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Shopkeepers call for limits after being driven mad by repetitive buskers

PUBLISHED: 19:56 13 September 2018

Buskers playing the same songs in the same spots have seen Diss traders call for limits. Picture: Getty

Buskers playing the same songs in the same spots have seen Diss traders call for limits. Picture: Getty

Christian Müller

Traders in a Norfolk town are calling for the introduction measures to curb busking after becoming fed up with streets performers singing the same songs for hours on end.

Mere Street in Diss which is a popular locations with buskers. Picture: Sonya DuncanMere Street in Diss which is a popular locations with buskers. Picture: Sonya Duncan

Members of Diss Heritage Traders are urging action to bring in a code of conduct with ideas ranging from limiting the time buskers can stay in one spot to bringing in a license.

Mere Street in the town attracts regular buskers but at little more than 100m in length it often features the same performers singing the same songs.

Sue Kiddie, who owns clothing shop Tatters, said: “We get the same songs played time and again and sometimes it is from 9am right though the day. It drives you mad.

Diss shop owners Sue Kiddie and Birgitte Mager. Pictures: Archant LibraryDiss shop owners Sue Kiddie and Birgitte Mager. Pictures: Archant Library

“We’d just like to see something introduced that would mean they played for a couple of hours and then had to move on.”

Birgitte Mager, who runs Diss Publishing Bookshop, said: “I feel the town council needs to look at selling licences that would limit busking to two hours at a time in any one place and then busking wouldn’t be the nuisance that it is now.”

Several towns in Norfolk already operate busking codes of conduct. King’s Lynn advises buskers not to play for more than an hour in any location. North Norfolk Council’s Busker’s Code of Practice urges performers to move at least 50 metres after one hour.

Norwich City Council’s code of conduct warns against repetitive sounds such as percussion, beatboxing, highly amplified guitars and piercing sounds like bagpipes.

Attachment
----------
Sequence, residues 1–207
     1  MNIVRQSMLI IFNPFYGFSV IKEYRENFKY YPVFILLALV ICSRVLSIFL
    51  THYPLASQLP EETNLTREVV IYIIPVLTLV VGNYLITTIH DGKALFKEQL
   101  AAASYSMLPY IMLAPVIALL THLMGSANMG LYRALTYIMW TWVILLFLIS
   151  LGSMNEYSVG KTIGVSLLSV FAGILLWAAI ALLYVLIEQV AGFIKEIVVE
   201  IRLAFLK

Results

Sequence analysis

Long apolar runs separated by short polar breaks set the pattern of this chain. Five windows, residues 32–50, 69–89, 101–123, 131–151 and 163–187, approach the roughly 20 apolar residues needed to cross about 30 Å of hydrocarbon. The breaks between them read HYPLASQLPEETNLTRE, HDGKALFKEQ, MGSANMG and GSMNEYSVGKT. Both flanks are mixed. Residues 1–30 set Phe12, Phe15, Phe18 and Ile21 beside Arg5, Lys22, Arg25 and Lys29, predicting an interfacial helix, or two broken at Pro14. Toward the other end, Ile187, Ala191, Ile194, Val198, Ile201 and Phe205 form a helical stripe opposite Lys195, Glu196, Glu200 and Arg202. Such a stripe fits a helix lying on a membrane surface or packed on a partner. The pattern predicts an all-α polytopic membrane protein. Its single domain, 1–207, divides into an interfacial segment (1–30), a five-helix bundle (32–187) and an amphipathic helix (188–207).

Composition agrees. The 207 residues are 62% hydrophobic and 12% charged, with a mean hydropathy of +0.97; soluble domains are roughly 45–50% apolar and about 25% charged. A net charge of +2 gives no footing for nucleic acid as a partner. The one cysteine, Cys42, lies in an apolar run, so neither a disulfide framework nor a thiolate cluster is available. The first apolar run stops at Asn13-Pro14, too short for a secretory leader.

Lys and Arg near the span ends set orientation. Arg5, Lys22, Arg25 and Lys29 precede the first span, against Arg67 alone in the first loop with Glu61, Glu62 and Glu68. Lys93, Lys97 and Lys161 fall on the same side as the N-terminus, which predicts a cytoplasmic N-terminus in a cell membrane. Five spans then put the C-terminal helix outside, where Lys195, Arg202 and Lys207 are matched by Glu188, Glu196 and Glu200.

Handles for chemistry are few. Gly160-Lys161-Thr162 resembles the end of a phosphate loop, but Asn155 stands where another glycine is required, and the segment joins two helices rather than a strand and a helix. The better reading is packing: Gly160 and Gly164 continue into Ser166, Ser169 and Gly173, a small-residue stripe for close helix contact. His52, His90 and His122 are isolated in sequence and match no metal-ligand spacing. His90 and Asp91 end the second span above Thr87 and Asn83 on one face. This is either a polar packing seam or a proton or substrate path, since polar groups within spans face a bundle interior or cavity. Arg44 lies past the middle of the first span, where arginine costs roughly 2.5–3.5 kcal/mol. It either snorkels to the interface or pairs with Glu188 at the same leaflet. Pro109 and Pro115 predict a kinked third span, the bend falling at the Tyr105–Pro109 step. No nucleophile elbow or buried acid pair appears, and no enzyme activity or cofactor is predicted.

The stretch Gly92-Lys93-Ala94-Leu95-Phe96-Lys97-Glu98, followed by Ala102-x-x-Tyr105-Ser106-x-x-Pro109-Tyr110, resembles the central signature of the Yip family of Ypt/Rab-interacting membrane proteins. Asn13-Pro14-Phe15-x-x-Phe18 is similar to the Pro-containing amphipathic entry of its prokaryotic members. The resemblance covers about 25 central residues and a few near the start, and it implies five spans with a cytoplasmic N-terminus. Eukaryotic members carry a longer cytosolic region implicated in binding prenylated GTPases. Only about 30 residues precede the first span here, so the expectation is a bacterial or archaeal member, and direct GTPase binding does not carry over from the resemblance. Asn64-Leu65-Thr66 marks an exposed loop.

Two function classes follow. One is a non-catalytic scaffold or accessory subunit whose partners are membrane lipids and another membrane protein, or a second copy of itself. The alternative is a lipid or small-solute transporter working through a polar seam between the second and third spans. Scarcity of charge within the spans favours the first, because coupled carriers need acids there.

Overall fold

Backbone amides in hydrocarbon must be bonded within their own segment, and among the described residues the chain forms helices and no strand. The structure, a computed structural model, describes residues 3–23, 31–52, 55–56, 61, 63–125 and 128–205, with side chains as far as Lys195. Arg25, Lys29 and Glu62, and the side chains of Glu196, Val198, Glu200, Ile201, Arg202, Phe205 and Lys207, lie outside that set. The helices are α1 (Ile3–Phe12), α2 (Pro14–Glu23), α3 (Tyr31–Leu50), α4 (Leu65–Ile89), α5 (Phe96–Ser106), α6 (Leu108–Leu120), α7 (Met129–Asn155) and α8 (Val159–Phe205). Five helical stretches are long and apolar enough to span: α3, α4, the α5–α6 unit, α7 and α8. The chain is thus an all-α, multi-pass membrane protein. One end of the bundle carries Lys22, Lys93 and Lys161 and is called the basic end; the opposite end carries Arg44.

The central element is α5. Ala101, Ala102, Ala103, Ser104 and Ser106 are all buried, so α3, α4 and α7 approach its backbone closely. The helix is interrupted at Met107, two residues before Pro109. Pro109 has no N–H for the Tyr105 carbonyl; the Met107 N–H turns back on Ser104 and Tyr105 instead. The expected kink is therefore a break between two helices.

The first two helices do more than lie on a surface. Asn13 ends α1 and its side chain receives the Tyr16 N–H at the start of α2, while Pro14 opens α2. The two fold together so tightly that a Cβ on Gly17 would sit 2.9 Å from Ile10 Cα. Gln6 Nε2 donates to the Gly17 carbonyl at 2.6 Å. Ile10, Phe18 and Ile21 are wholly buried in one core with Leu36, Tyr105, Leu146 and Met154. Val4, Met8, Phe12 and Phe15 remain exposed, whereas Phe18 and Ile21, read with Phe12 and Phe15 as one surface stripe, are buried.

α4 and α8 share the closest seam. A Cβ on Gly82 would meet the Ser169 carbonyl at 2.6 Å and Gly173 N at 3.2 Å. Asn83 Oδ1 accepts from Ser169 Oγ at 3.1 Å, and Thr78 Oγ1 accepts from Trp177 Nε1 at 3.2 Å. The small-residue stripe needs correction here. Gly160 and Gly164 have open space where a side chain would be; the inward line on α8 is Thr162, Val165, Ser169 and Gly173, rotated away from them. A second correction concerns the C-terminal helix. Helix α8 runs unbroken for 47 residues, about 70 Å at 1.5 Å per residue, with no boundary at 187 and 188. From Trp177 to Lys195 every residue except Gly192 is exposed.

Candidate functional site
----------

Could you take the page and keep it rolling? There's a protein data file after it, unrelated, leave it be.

Mayor Trevor Wenman said Diss Town Council was still working on a voluntary code but felt a formal licensing policy would be overkill.

“Generally speaking busking in the town centre is a nice feature,” he said. “There are occasions where individual buskers may not be quite as popular and that is part of the reason why we are looking at trying to come up with a voluntary code.

Soprano busker Hayley Moss who proved popular in Norwich where the council has a busking code of conduct. Picture: Steve AdamsSoprano busker Hayley Moss who proved popular in Norwich where the council has a busking code of conduct. Picture: Steve Adams

“If you have the same busker playing the same songs for three of four hours at a time it can become very wearisome. That is something we’d like to address, but they aren’t doing anything illegal, unless they commit any sort of offence.”

A busker playing guitar on Mere Street, who preferred not to be named, referring to herself instead as ‘the girl with dreads’, said: “I try to be considerate and I don’t try to impose my music on other people. I avoid places like cafes where people are sat outside or places with open doors. If someone comes out and politely asks then I’m happy to move, though in Diss there are only a few places.

“I do it because I love music and meeting people but some people do it because they need money to pay the bills. People need to consider the reasons why people busk.”

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